We are fortunate to have a fantastic support group as well. Our shop staff has very little turnover. The benefit is that our fishing guests get to know not only the fishing guides well, but all of the Headhunters players. What you get as a customer is the highest level of customer service from the time you are introduced to the website, the ease of booking on the phone, the on-site and river lodging options at Craig Trout Camp all the way through the guide trip.

We are blessed to live, guide, and love Montana’s Missouri River. The river is the star. Without the Mighty Mo, none of this would be possible. The resource is second-to-none as a technical dry fly fishery.

Missouri River trout
Wild trout release on the Missouri River (Photo: Bryan Gregson Photography)

If you had only one day off all year, where would you fish and what fish would you target?

I’d like to catch more bonefish. I have fished the Florida Keys over 500 days. I have caught some bonefish, and some nice ones too! I have caught my one permit on a fly, checked off the list. Done. I have primarily fished for tarpon. Love Tarpon. All of that done from the bow of a flats boat. But I have never wade-fished the flats. That would be a kick. That is what I would wish for. Sightfishing for singles or doubles … bones. In any logical location.

What are your favorite three flies?

LaFontaine’s Buzzball. The best generic fish catcher on the planet. Three flavors of hackle: orange dyed grizzly, medium dun, and grizzly. Looks like nothing, and yet, everything. I am a believer in presentation. Presentation first. Fly first. That is the key. And a LaFontaine’s Buzzball.

Parachute Adams. Hard to beat. I like the large ones. Like a 10 or a 12. Fish that blind and fish eat it. Fish it big and confidently. Fish eat Para-Adams! Daily. Fish it to a finicky bank sipper and watch it disappear. The best.

Rusty Spinner. When trout are eating the Rusty Spinner fishing is good. And when summer fishing is good, they are eating the Rusty Spinner. I am fond of the traditional poly winged pattern. Syl Nemes said that fish see the profile and eat it. I once had some clients from Japan who had tied their spinners with the tips of the wings turned/trained up, towards the sky. They worked! I like to fish a large and oversized spinner too. Just like the Adams above, fish will eat an oversized spinner. Ohhh … the Trusty Rusty. Love it. Live it.

There’s been a good bit of recent attention to Spey fishing for trout on the Missouri River. How did this come to evolve to where it is now? How has this become so popular?

Headhunters is the Trout Spey specialist on the Missouri River. My business partner John Arnold has been tossing the Spey rod since the late 80s. I picked one up six or seven years ago. The staff is fully engaged in fishing with a trout Spey rod much of the time. We started carrying Spey gear at the shop seven or eight years ago. At that time, the lightest rods were in the 6wt range. Now of course we can fish rods as light as the 2wt. We now have 30+ demo Spey rods ready for action for all to check out. And the lines too. I don’t know how many demo Spey lines we have, but I once counted over 100 and that has been a few years ago.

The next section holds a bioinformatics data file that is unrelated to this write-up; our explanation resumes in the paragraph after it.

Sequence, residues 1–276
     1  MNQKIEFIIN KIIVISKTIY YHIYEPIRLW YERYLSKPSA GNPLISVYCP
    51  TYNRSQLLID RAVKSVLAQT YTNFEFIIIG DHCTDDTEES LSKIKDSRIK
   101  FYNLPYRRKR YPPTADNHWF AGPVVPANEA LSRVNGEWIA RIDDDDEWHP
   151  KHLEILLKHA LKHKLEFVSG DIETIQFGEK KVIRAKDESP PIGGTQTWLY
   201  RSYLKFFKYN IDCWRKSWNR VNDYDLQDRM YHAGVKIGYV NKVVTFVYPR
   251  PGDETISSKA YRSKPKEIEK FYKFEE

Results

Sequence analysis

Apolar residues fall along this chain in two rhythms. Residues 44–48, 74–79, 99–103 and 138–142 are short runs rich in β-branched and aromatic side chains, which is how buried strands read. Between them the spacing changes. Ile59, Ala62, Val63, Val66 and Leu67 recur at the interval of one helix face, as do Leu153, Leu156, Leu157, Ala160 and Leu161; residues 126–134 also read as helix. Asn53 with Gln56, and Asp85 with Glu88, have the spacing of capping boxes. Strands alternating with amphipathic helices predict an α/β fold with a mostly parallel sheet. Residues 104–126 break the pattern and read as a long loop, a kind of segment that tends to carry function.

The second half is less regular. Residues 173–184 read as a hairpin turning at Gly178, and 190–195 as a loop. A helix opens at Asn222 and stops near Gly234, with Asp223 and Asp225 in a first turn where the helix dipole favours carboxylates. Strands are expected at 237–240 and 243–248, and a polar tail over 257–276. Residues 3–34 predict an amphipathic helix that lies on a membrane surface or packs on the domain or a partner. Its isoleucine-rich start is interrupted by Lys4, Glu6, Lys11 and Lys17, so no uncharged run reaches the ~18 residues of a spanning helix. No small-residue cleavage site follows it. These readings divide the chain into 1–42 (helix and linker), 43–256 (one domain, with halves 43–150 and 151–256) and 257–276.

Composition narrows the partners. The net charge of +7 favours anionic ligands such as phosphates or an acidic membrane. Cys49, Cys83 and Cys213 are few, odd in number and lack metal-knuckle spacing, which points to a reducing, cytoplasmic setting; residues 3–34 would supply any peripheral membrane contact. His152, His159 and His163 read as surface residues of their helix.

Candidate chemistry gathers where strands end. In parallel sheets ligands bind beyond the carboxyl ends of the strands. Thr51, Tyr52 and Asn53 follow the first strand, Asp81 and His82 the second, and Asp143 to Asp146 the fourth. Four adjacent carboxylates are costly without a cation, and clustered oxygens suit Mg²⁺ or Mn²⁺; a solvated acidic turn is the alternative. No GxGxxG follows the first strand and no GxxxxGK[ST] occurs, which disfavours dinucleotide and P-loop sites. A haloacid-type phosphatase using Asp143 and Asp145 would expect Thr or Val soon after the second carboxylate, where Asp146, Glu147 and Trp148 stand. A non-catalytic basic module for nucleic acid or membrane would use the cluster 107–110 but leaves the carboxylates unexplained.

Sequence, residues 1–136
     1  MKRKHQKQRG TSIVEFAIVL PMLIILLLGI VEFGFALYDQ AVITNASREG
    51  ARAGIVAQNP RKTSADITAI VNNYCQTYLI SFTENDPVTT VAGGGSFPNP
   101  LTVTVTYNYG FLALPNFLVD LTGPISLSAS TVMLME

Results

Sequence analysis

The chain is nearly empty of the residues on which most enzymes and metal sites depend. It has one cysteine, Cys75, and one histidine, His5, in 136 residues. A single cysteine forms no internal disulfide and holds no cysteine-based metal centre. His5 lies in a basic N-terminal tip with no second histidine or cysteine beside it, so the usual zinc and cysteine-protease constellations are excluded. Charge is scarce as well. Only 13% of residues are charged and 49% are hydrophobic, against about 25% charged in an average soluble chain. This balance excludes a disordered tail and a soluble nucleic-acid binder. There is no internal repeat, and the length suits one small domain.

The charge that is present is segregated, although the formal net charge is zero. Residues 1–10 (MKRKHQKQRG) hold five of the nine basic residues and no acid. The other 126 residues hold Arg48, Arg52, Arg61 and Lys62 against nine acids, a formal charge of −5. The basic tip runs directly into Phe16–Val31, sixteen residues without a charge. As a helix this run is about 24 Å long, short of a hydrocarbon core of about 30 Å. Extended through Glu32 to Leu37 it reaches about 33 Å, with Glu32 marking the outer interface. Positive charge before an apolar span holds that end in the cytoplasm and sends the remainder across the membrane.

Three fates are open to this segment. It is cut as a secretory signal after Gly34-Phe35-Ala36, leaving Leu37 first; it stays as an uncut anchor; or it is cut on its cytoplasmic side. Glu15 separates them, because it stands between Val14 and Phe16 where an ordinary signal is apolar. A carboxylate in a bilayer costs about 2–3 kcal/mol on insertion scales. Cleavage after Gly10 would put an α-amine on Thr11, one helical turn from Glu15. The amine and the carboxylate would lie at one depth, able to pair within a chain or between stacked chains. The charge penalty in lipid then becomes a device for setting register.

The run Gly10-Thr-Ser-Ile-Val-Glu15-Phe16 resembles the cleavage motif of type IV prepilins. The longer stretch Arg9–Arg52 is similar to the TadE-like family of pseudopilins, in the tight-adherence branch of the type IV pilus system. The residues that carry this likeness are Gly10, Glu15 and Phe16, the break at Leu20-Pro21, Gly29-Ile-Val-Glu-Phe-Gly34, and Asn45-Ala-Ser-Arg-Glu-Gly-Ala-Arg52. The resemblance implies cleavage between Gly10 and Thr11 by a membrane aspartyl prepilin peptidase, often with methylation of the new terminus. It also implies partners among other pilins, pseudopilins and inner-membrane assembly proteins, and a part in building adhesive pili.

We hold free Trout Spey casting clinics many times during the winter. I think we are in the 6th or 7th year of hosting these wildly popular day long classes. We also run many Missouri River Spey trips throughout the fall and winter months into the spring. Private casting lessons are available as well for those wishing to accelerate their learning curve. We truly believe in fly fishing education and is a big part of our focus.

The style of cast along with the propensity of our trout to eat a swung fly has evolved into the perfect match for us. The four seasons of the Missouri coupled with not too many days that you cannot fish has brought more and more attention to the Missouri River. Spey season starts in October and runs through May.

It is not uncommon to see several Spey fishers when driving down the river in any winter month. It certainly has become one if not the primary method for five months of the year!

The popularity is due to several factors. The availability of appropriate trout Spey gear. The evolution of not only the rods but also of the fly lines too. The ease of wade fishing here on the Missouri. The opportunity to fish the river fall thru spring. The internet. All are factors leading to the increasing popularity of the Missouri River and its association with trout Spey.

Sage PULSE from Sage Fly Fish on Vimeo.

What is the one piece of gear you couldn’t bear to leave at home?

Ketchum Release Tool. I cannot live with out it. I can cut the line with my teeth, but that release tool is imperative for fish health. You never have to touch the fish. Get the tool on the line, descend towards the hook, find the hook, and release. I have three or four back-ups in the boat bag just in case I break one.
If there were a second it would be the Dr. Slick Mitten Scissor Clamp — the other tool in my boat. Those two are all you need. The Mitten Scissor Clamp has an eye spike, both cross hatched and smooth areas of the tip, squeeze through operation so you don’t have to align your fingers while removing it from your shirt/vest. Easy operation, a cutting device, eye opener, and barb crusher. Again, I have several of them in my possession for when I drop them overboard … which happens!

Do you have any other passions?

I like shooting photos. I like skiing ten runs a year. I love to cook, smoking meats, and cheeses. If I weren’t doing the fly fishing thing I would be in a West Coast city operating a taco cart. And maybe doing some content writing too. I wouldn’t mind being a beat writer for the Seattle Mariners. That would keep me occupied for half of the year. The other half I’d be swinging on the Mo!

To check out more from Mark Raisler and Headhunters Fly Shop, please click here.